Seyfarth Synopsis: California employers racing to ensure all their employees receive mandatory harassment training by the end of the year can now take their foot off the gas. In response to an outcry from employer groups regarding the challenge of compliance at breakneck speed, the Legislature and Governor Newsom have extended the new training deadline for a year.

Faithful readers of this blog will recall that the 2018 legislation bringing us many other harassment-related provisions (SB 1343) greatly expanded sexual harassment training requirements (described here). Starting in 2019, under SB 1343, employers of as few as five people (down from fifty employees under the prior law) must provide two hours of interactive training to their supervisors. In addition, all such employers must now provide one hour of interactive training to all non-supervisory employees. SB 1343 served to greatly increase the number of employers covered and the volume of trainings required, and it set deadlines for the training. Employers around the state had geared up, started their engines, and raced to meet this aggressive deadline.

Then Governor Newsom waved a yellow flag. In his first lap around the bill-signing track, he tapped the brakes right before Labor Day by signing Senate Bill 778, no doubt to cheers and popped bottles of milk from employers across the state. SB 778—effective immediately upon the Governor’s August 30, 2019 signature—extends the deadline for non-supervisory employee training from January 1, 2020 until January 1, 2021. SB 778 also clears up confusion regarding the deadline to train supervisors trained under prior legal training requirements, since one interpretation of SB 1343 would have required supervisors trained in 2018 to be re-trained prior to the end of 2019. SB 778 now confirms that those supervisors who received 2018 training need not be trained again until 2020, so employers can go back to following their normal pace cars on existing supervisor training.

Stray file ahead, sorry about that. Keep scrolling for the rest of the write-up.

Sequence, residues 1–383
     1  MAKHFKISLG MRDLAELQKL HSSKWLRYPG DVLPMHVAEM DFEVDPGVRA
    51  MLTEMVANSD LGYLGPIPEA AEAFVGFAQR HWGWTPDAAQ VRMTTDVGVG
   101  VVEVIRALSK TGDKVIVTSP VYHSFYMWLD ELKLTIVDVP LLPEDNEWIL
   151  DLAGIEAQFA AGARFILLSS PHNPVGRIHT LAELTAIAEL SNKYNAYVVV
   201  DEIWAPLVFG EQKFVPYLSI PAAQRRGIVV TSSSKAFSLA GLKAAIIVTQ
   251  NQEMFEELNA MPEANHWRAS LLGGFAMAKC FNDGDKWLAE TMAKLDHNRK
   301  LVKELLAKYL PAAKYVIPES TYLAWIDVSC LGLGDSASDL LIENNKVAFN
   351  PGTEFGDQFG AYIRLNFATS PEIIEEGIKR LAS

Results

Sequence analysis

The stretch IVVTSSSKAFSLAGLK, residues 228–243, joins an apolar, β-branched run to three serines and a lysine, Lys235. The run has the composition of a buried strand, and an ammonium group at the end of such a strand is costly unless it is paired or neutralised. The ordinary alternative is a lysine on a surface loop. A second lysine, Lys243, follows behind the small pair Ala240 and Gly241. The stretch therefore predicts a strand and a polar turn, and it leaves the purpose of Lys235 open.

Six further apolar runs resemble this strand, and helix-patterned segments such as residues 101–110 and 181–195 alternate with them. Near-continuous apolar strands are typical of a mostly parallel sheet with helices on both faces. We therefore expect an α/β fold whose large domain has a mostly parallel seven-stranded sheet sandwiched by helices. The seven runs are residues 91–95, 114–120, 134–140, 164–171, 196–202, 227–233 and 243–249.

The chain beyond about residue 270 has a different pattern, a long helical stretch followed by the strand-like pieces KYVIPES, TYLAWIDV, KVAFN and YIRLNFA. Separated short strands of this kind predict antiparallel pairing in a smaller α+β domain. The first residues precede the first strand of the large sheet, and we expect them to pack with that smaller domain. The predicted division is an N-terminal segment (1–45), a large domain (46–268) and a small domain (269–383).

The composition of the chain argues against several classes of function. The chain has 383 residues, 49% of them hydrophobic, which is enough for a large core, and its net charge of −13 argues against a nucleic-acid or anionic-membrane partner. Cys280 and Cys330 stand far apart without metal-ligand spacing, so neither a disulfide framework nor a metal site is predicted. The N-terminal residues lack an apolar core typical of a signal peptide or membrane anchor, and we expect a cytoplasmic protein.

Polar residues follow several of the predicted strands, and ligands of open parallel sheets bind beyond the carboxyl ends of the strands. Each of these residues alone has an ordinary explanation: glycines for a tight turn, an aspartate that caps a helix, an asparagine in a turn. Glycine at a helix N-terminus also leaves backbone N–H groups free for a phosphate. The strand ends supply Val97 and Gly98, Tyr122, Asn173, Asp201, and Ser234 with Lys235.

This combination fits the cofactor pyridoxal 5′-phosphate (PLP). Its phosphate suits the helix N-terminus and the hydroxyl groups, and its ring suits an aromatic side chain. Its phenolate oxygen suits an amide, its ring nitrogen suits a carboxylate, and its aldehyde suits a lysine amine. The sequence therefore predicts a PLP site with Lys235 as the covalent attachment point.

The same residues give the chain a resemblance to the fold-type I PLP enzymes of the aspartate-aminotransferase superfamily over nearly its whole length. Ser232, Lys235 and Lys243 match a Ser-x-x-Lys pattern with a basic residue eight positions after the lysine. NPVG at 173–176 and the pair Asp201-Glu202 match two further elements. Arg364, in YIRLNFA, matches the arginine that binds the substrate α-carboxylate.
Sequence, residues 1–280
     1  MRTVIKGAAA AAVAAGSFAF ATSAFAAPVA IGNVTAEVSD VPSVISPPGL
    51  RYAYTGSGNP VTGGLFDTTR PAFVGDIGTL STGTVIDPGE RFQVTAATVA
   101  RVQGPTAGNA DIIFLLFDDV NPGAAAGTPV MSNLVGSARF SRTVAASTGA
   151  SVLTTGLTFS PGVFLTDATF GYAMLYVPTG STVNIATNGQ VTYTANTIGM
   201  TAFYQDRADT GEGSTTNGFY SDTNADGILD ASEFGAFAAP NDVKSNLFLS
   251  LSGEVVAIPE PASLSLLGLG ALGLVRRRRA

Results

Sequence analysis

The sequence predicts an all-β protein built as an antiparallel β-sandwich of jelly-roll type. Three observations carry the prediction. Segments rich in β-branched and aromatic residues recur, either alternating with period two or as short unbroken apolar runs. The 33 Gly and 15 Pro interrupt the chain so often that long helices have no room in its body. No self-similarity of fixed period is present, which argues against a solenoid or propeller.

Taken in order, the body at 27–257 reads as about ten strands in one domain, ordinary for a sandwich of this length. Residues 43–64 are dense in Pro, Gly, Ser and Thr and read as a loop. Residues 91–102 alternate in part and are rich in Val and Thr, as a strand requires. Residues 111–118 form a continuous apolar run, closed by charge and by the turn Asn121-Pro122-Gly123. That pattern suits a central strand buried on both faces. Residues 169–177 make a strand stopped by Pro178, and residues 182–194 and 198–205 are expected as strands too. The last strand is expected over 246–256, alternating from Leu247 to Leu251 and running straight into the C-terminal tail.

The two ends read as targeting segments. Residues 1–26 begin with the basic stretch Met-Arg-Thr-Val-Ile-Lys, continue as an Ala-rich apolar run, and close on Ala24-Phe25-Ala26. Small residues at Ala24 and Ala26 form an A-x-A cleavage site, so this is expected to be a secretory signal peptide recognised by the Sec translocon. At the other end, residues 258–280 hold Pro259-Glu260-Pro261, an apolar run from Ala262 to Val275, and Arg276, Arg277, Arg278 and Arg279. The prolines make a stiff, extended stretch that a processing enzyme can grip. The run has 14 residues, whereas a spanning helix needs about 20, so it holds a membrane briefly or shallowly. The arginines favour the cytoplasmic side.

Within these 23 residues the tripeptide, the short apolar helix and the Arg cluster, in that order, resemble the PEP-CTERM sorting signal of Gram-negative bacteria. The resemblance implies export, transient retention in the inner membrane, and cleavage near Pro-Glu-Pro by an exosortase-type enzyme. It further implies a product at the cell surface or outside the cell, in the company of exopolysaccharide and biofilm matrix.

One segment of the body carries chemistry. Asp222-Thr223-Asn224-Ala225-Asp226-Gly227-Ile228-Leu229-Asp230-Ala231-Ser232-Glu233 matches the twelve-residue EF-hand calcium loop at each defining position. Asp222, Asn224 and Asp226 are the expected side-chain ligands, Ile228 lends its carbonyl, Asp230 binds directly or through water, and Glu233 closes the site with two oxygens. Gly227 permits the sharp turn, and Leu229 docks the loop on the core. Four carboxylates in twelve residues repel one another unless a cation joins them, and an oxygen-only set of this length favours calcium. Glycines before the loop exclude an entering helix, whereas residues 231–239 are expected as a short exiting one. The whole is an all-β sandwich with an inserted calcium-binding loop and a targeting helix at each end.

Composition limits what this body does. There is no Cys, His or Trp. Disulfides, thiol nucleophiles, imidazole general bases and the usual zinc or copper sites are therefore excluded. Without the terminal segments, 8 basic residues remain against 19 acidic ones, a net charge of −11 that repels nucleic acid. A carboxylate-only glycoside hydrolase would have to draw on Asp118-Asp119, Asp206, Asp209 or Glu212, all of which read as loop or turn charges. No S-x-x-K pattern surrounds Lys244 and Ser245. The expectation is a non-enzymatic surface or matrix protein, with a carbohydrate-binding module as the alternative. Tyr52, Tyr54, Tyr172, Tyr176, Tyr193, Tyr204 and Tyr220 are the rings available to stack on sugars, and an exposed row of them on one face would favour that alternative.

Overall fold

The training requirements for newly hired supervisory employees have not been changed in SB 778, and employers still must train new hires within six months of starting a supervisory position.

Workplace Solutions:

This welcome delay in the training deadline is no excuse to fall asleep at the wheel. Make a pit stop with your favorite Seyfarth advisor to determine the best way to ensure compliance before the new deadline catches you from behind.

Edited by Coby Turner